In January, we hosted two panel series “Hiding in the Bathroom” and “Toxic Tech” for the Women in Tech Regatta. A big thank you to Kittima Raksarat for writing the blog post below on her experience at our “Hiding in the Bathroom” panel.
When I saw that Lorie Corcuera would be presenting at the WIT Regatta, I knew I had to attend this session. Not only did I really look up to Lorie as a person, this topic is very important to me on a personal level. My entire career, I felt like I needed to prove something to my boss, colleagues, friends and even myself. I was trying to pretend that everything was okay, even if it wasn’t. I felt like if I cried, or even demonstrated any dissatisfaction in my role, that it would be perceived as a weakness, or even as ungrateful. I’ve always been told that I can stay poised and calm in any situation, and I do celebrate that as a strength of mine! I also know that there were moments in my career that I would rely on that trait, to ensure that everyone around me felt comfortable, even if it tore me up inside.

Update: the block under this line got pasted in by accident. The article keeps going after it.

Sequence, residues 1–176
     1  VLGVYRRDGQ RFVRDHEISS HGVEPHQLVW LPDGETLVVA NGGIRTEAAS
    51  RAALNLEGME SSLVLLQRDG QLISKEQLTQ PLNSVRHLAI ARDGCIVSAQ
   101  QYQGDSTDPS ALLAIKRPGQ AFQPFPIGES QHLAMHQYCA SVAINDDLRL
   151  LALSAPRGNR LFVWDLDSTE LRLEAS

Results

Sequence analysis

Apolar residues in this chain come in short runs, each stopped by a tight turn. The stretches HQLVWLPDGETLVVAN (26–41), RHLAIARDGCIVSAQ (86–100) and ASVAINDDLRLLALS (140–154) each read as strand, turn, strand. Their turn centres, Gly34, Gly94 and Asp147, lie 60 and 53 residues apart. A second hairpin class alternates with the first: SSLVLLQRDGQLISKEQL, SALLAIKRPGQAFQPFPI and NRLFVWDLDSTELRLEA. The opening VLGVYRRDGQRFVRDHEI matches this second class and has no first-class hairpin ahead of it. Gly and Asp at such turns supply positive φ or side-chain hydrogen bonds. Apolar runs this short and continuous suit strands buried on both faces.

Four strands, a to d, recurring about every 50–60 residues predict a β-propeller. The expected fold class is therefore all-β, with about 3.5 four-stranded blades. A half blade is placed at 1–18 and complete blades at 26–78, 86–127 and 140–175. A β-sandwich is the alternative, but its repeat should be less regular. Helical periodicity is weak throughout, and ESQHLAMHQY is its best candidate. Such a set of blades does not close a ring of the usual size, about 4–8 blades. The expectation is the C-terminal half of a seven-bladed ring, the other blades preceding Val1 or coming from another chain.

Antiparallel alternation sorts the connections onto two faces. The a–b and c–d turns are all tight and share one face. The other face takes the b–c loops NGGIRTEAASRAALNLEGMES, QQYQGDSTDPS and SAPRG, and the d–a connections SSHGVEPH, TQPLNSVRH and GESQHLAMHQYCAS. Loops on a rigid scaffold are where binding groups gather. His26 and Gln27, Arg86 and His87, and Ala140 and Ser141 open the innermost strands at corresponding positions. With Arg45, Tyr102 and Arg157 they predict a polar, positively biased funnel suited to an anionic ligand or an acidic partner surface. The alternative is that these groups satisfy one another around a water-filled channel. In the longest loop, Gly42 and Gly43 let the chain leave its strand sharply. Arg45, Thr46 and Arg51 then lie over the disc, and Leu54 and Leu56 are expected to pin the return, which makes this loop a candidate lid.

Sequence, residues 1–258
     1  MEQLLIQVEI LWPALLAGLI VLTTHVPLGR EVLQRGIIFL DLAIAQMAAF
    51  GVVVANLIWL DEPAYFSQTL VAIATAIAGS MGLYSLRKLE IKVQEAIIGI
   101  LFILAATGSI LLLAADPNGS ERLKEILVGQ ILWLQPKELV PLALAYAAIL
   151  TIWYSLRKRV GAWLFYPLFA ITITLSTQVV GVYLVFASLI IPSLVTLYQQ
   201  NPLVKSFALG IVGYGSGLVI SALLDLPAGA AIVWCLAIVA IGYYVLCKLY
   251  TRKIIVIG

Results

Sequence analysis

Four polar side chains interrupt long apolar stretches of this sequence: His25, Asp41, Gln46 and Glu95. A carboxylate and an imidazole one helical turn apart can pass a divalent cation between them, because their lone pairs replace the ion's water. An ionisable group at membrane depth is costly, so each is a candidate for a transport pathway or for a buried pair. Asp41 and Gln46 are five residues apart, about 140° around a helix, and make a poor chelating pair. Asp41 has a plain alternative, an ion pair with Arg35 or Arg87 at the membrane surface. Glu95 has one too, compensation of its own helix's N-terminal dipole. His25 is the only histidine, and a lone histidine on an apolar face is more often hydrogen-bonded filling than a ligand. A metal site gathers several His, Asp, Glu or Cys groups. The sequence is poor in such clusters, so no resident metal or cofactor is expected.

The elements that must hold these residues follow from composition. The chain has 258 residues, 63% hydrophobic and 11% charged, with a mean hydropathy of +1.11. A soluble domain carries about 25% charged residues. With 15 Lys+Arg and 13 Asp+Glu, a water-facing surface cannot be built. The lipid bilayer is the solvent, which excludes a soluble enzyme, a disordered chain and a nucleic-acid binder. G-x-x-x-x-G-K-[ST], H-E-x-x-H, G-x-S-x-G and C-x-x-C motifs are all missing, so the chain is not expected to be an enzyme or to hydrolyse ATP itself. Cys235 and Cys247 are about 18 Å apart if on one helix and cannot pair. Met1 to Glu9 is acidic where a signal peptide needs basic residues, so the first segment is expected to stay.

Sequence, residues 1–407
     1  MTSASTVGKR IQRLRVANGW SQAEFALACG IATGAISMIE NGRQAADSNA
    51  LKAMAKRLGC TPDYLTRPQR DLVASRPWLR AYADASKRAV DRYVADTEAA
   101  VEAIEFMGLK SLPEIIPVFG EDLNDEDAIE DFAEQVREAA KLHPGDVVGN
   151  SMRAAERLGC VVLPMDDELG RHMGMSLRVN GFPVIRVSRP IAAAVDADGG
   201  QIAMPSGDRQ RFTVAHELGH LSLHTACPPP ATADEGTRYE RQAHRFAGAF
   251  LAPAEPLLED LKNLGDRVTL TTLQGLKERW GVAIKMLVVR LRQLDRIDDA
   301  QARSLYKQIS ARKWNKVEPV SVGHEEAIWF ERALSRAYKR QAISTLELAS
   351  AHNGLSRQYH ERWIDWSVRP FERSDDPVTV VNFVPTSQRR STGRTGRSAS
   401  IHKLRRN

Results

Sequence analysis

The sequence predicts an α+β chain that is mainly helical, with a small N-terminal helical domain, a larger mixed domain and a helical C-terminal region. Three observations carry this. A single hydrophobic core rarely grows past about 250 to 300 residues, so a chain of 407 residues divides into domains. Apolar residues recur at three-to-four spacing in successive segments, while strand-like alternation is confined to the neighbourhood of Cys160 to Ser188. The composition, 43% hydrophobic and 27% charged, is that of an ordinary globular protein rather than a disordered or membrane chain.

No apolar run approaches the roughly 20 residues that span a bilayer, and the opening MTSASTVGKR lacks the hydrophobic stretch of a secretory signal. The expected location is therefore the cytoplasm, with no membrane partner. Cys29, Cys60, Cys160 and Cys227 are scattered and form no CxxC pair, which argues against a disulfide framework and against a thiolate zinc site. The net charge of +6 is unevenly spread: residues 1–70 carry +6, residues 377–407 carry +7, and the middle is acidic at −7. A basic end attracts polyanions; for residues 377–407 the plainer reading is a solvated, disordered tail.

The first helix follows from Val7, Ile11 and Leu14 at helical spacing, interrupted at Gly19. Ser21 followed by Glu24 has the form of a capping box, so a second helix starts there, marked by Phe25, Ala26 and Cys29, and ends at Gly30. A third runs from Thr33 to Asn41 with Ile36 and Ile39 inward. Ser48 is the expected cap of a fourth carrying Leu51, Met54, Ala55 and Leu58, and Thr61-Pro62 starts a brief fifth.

It wasn’t until Tim Reitsma came over to my table at the Regatta, that I started to reflect on the changes that I have made, and I realized how interrelated these emotions and experiences are between work and personal life. If you hold your emotions in in the workplace, there’s a good chance that you’re holding your emotions in at home as well. The compounding effect of suppressing my emotions at work, trickled into my personal life. Not to get into details about that, but eventually, it led me to reevaluate who I was trying to be and why I didn’t feel comfortable sharing my feelings.
It is becoming more and more apparent that work-life-balance isn’t always a possible reality given the pace of the world we live in. I do think that work and personal lives are starting to blur in that we are more available for work e.g. remote work, easily accessible on your mobile phones, literally anywhere in the world. We need to start thinking about how we nourish our whole self, in all aspects of our lives. That starts with getting comfortable with your own emotions and being able to ask for what you need. I don’t think that we can change corporate cultures overnight, but it does start with a spark – you!
At the end of the day, we are still human, with real human emotions which is going to follow with us from home to work. Why not figure out how we can change work culture so that it is more accepting of real humans.
About Kittima Raksarat
Kittima is a seasoned human resource professional with combined recruiting, training, and payroll experience. She has in-depth experience in campus recruitment for professional services firms and searching for accounting and consulting professionals. She is truly passionate about creating authentic connections and guiding individuals to identify their strengths and pursuing exceptional work experiences.